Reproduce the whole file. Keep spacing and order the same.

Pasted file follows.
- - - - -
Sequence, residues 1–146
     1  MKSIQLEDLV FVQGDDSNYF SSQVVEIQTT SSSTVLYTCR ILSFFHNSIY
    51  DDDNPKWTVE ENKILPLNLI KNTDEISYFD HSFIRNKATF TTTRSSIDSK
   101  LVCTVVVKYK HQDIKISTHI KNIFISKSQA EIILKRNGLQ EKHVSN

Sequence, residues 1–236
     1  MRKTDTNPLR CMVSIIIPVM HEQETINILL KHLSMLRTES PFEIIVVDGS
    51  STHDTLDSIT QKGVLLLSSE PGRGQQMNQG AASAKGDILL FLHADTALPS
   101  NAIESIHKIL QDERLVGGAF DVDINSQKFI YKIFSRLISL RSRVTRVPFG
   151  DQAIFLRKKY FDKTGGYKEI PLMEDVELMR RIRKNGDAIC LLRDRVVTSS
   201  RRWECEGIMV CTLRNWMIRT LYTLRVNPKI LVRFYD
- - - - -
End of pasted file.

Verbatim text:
Sequence, residues 1–146
     1  MKSIQLEDLV FVQGDDSNYF SSQVVEIQTT SSSTVLYTCR ILSFFHNSIY
    51  DDDNPKWTVE ENKILPLNLI KNTDEISYFD HSFIRNKATF TTTRSSIDSK
   101  LVCTVVVKYK HQDIKISTHI KNIFISKSQA EIILKRNGLQ EKHVSN

Sequence, residues 1–236
     1  MRKTDTNPLR CMVSIIIPVM HEQETINILL KHLSMLRTES PFEIIVVDGS
    51  STHDTLDSIT QKGVLLLSSE PGRGQQMNQG AASAKGDILL FLHADTALPS
   101  NAIESIHKIL QDERLVGGAF DVDINSQKFI YKIFSRLISL RSRVTRVPFG
   151  DQAIFLRKKY FDKTGGYKEI PLMEDVELMR RIRKNGDAIC LLRDRVVTSS
   201  RRWECEGIMV CTLRNWMIRT LYTLRVNPKI LVRFYD